Bodies in Honey by Blake Little.

Preservation-Blake-Little-9Artistes Featured Photographie Populaires.
Preservation, an amazing series of American photographer and artist Blake Little, who is covering his models with honey and capturing them into dripping portraits, frozen in this golden sugar as in amber.
A fascinating project published in the book Preservation.
See more Images via Preservation – When a photographer is covering his models with dripping honey |

Vesalius ‘The Dissector’ 1514-1564.

Andreas Vesalius was both honoured and reviled in his time, as he challenged the status quo of science and many prevailing dogmas.
His influence on the fields of medicine and anatomy has been profound. In these pages, you will learn more about the factors that shaped Vesalius’ train of thought and the anatomical revolution of which he was a driving force.
Andreas Vesalius 1514-1564: the only authorized portrait
The Flemish physician Vesalius (1514–1564) was a highly skilled dissector who insisted on analysing human corpses rather than animal cadavers.
Vesalius vehemently refuted his teachers’ old methods, garnering enemies and searing criticism, but he did not give up on his quest.
He is best known for creating perhaps the world’s most influential book of anatomy, the De humani corporis fabrica, at the young age of 28.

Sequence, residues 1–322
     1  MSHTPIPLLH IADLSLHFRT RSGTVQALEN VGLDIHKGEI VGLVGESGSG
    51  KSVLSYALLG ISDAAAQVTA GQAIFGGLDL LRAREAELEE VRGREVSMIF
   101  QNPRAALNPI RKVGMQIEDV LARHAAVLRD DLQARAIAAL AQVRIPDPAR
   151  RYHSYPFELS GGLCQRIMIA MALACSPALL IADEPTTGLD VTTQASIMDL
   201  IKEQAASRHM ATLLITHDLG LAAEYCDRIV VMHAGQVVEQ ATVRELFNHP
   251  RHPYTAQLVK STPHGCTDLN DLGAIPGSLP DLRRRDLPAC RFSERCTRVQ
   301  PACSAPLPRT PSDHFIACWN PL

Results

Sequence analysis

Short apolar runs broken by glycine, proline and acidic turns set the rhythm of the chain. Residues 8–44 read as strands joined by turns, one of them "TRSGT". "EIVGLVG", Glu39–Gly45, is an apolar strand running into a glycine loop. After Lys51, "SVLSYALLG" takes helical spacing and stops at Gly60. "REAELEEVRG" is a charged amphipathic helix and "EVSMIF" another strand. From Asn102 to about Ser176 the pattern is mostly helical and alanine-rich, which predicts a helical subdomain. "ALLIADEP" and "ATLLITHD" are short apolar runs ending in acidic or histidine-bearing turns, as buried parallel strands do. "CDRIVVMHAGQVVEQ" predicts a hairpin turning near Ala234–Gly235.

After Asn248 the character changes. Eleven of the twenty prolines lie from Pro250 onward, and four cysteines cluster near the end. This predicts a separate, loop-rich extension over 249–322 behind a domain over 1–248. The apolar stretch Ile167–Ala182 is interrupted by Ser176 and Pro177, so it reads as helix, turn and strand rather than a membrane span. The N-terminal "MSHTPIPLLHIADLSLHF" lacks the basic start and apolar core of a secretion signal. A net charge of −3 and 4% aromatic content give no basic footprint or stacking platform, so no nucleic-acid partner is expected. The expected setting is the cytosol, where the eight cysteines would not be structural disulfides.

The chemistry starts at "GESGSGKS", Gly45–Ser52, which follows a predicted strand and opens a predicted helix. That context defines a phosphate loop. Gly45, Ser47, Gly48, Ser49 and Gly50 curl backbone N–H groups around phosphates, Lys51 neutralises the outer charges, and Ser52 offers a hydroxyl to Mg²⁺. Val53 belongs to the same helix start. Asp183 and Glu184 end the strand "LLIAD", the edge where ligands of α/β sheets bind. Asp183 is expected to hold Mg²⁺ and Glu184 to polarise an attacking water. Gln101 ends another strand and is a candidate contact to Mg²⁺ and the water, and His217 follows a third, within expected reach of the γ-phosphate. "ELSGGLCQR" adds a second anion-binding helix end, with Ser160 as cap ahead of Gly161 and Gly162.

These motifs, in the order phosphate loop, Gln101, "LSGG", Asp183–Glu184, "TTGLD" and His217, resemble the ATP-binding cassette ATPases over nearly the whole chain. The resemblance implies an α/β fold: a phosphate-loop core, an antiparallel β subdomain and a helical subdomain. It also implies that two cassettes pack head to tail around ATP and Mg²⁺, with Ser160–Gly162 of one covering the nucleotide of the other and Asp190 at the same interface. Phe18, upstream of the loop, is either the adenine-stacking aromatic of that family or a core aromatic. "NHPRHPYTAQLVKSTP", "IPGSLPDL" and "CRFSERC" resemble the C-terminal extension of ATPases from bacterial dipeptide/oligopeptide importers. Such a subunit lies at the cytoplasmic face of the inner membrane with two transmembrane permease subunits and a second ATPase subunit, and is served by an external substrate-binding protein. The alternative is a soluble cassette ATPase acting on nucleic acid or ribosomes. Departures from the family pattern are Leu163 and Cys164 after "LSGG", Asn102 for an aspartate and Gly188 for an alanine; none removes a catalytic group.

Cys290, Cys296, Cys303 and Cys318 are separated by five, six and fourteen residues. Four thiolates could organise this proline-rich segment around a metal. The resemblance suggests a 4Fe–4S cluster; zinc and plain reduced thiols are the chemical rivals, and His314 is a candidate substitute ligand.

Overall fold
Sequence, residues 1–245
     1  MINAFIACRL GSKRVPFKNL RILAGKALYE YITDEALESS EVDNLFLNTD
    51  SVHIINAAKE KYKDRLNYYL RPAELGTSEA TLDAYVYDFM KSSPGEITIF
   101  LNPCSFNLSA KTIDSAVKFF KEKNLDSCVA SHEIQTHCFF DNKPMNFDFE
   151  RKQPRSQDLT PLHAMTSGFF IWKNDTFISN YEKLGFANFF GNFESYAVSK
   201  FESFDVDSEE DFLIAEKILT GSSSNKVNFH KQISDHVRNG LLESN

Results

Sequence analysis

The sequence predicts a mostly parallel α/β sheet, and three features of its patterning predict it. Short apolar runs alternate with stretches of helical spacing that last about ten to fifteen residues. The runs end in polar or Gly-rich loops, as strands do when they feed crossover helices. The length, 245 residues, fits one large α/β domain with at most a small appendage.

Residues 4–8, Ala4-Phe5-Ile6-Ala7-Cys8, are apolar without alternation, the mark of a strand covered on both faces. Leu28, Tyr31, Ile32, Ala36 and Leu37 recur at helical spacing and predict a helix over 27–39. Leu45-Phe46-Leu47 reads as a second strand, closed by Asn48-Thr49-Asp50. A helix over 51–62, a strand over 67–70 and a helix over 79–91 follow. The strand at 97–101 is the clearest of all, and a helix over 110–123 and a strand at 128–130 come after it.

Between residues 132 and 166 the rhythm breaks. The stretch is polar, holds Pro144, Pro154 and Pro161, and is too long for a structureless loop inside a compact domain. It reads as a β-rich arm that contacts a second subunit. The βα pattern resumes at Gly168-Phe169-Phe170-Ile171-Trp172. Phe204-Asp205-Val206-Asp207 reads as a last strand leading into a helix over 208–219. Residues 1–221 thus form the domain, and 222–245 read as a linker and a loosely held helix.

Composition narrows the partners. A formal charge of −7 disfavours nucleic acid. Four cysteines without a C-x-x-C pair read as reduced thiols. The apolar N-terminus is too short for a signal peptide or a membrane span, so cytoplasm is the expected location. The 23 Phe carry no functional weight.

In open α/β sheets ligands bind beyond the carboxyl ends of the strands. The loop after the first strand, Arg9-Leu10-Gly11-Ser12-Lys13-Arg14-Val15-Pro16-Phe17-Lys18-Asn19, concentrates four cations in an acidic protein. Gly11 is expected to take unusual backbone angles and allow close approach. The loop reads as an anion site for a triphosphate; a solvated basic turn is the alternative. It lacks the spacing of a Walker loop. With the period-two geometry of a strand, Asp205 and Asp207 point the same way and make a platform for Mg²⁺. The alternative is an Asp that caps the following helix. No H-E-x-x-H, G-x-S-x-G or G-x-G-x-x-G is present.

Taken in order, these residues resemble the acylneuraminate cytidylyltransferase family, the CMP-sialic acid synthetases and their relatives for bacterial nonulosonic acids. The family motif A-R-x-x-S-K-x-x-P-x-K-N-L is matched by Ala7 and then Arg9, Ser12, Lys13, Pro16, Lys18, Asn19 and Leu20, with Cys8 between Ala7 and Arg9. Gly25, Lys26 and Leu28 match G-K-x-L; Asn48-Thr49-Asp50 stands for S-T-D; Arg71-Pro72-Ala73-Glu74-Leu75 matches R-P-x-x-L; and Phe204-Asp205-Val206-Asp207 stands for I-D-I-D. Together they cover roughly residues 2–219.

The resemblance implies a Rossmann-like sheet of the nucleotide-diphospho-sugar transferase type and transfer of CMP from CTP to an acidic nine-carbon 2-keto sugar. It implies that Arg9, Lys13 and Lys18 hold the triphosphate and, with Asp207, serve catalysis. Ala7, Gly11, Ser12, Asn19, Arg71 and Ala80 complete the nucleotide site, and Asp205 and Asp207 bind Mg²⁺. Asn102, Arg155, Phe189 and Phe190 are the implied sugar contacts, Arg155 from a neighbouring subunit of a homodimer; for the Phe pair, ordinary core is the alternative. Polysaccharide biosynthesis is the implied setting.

Read on to learn more about this revolutionary genius.
The legacy of Vesalius’ comprehensive anatomical works would linger even into the next millennium.
His writings combined intricate detail with exquisite illustrations and he also took masterful advantage of the era’s new technologies in publishing.
These pages aim to help you better understand Vesalius’ background and how his work influenced the changing face of science.
via Biography | Vesalius.

Masterpieces of Hair Styling.


Victoria Beckham for Vogue UK April 2008:
‘When Sam’s hands touch the model, you can see her expression completely change.
See more images via Hair goals: Sam McKnight’s masterpieces of styling – in pictures | Art and design | The Guardian